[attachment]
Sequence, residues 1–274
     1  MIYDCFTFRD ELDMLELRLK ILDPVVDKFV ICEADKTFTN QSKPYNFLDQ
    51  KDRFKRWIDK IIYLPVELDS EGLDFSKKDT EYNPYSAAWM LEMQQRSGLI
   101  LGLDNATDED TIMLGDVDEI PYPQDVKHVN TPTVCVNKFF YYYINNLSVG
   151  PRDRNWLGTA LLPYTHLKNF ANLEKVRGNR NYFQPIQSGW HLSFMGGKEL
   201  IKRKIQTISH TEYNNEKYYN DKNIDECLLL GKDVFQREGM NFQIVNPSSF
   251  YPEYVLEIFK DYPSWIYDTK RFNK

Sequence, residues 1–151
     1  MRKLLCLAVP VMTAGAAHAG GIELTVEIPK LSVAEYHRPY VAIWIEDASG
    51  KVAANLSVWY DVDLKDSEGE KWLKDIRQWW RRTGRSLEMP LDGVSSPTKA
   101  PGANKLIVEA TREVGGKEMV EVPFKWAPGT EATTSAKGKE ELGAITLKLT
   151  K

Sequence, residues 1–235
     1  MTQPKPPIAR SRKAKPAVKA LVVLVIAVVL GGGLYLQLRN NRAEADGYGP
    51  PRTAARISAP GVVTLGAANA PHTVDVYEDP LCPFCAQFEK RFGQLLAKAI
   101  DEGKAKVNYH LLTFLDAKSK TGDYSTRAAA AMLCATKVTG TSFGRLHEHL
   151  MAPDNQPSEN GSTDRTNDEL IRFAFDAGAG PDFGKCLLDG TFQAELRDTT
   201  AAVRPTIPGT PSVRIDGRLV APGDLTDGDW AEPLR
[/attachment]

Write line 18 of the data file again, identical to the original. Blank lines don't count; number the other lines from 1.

   201  AAVRPTIPGT PSVRIDGRLV APGDLTDGDW AEPLR